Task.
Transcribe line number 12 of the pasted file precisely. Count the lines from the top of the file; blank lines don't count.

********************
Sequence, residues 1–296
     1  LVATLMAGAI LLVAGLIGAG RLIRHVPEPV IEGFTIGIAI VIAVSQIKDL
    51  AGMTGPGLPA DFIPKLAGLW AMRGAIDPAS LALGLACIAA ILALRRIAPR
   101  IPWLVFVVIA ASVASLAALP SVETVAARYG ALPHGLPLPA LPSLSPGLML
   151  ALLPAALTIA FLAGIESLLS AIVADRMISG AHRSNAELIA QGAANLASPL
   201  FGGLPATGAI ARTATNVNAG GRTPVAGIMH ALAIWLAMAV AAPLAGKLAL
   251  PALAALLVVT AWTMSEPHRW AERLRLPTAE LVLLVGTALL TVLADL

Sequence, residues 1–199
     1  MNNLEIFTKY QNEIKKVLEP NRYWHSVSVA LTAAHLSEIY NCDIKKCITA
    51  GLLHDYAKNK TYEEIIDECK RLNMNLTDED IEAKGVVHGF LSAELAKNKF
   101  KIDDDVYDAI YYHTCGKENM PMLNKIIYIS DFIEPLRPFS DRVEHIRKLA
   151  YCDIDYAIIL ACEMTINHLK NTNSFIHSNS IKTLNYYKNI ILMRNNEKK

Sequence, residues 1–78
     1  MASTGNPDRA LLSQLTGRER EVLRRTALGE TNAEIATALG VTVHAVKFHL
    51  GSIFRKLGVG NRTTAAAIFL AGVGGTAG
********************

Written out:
   151  YCDIDYAIIL ACEMTINHLK NTNSFIHSNS IKTLNYYKNI ILMRNNEKK